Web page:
LINGUIST List 2.284

Monday, 10 June 1991

Disc: Phonology and Orthography

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  1. , Re: Things Phonological and Orthographical
  2. "Hartmut Haberland, Roskilde University"HARTMUTjane.ruc.dk, RE: Things Phonological and Orthographical

Message 1: Re: Things Phonological and Orthographical

Date: Fri, 7 Jun 91 15:39:54 PDT
From: <rwojcikatc.boeing.com>
Subject: Re: Things Phonological and Orthographical
I got the same reading of John Coleman's argument as Margaret Fleck did--that
syllabaries and logographic systems would be more efficient than alphabetic
systems if you compared combinations of characters to symbols. Under that
reading, the cumbersome Japanese and Chinese typewriter keyboards would be
considered superior to the English keyboard on the grounds that it would take
fewer strokes to type words than with the alphabetic keyboards. So why are
typists so few and far between for those hummers? The keyboards contain too
many keys. It was this sense of efficiency that I originally meant when I
called alphabets more efficient than syllabaries.

				-Rick Wojcik (rwojcikatc.boeing.com)
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Message 2: RE: Things Phonological and Orthographical

Date: Mon, 10 Jun 91 12:33 +0100
From: "Hartmut Haberland, Roskilde University"HARTMUTjane.ruc.dk <HARTMUTjane.ruc.dk>
Subject: RE: Things Phonological and Orthographical
Two remarks on Margaret's posting:
(1) I think people have agreed upon considering scripts like Chinese or
Japanese kanji as logographic, not ideographic. This is an important
distinction. (There was an article a couple of months ago in monumenta
Nipponica about this and the historical aspects of the question - I can
supply the reference if somebody is interested -, but amongs linguists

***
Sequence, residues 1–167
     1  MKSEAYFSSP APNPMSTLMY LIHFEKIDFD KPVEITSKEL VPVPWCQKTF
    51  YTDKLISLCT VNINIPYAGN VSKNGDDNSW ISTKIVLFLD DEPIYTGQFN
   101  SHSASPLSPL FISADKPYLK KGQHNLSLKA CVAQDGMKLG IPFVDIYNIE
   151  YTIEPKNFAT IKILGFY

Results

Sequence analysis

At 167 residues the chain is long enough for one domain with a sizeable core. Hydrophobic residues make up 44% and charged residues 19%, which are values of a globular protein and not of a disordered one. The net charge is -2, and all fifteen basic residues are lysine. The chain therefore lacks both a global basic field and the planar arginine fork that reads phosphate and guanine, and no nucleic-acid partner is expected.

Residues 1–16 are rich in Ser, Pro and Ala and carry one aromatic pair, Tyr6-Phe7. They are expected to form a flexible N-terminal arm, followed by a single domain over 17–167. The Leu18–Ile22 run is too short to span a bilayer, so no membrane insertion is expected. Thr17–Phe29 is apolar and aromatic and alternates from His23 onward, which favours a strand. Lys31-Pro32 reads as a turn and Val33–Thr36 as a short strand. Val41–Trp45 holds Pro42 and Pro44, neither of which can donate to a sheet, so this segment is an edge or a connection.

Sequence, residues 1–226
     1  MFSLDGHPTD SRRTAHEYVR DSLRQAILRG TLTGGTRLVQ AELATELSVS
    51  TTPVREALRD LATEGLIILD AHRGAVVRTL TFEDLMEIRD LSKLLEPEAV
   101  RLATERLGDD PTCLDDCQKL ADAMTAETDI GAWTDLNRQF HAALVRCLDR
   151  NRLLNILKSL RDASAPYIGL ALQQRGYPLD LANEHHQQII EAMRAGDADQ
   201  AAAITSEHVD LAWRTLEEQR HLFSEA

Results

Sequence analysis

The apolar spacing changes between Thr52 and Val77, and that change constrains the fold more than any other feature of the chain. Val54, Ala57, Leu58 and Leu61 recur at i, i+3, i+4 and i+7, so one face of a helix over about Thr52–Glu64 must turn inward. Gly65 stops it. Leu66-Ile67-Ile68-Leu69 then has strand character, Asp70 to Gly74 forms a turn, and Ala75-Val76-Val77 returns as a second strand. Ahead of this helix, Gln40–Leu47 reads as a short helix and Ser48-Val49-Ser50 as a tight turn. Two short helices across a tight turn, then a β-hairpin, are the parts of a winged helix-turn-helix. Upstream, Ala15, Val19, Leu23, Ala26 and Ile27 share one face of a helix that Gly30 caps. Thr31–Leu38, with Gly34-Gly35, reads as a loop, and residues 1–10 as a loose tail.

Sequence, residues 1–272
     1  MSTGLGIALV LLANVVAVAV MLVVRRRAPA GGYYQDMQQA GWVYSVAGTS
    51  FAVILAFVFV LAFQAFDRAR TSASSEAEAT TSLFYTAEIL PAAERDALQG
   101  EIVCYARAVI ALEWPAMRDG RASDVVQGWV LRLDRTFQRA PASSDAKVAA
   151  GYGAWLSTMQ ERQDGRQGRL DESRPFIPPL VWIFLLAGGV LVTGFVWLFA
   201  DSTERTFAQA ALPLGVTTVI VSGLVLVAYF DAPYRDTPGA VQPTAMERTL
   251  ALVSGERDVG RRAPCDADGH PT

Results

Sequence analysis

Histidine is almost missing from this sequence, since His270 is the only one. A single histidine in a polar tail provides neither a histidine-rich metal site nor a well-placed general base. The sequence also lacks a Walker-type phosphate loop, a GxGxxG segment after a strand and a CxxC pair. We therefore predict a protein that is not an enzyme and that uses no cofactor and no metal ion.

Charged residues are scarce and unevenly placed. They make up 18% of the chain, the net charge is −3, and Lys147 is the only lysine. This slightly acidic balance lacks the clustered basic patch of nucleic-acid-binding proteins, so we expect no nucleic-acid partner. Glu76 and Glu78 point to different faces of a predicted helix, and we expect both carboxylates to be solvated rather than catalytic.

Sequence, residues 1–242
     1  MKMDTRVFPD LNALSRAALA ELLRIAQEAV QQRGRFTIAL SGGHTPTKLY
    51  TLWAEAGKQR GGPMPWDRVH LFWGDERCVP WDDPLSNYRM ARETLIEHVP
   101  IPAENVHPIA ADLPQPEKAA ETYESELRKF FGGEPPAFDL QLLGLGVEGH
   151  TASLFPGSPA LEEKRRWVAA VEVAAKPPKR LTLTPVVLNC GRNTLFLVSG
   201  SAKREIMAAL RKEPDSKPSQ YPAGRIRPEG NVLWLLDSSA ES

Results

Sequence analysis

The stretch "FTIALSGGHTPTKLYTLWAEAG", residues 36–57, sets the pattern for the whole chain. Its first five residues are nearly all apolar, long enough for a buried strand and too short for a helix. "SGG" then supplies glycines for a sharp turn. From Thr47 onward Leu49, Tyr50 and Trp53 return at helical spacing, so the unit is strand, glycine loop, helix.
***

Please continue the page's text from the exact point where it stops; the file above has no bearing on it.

this should be old hat - Coulmas (1982) in his 'Ueber Schrift' refers to
Japanese kanji as a logographic script, and he's not the first one.)
(2) I don't find English spelling so different from the practice used
in Arabic script, viz. omitting vowels. T If you exaggerate a bit, you
might say that in English spelling, vowel letters only mark the _place_
of the vowel in the phonetic chain, plus give some rough indication
of the quality of the associated vowel phoneme (think of words like read
[2 readings!], beach, break, ...). With languages like Finnish, Czech, and,
in spite of a complicated letter <-> match, French and Modern Greek (not
to talk about Japanese kana etc.), it is possible to read a text aloud without
actually knowing what it says, you just follow the letters. This is impos-
sible with Arabic, Ivrit and other scripts that don't supply vowels: you
have to understand the text first before you can read it aloud. English is
closer to the second group than to the first. (This was pointed out to me
by somebody when I complained about Irish spelling on bilingual road
signs in ireland, like when you read 'Dun Laoghaire' and don't know which of
the vowels are to be pronounced and which of them just palatalize/velarize
consonants. 'You have to know what the place is called (and what it's name
is pronounced like) before you can read it aloud,' I said. 'Well,' the
answer was, 'this is even more the case with English ...'. And true it is!
Hartmut

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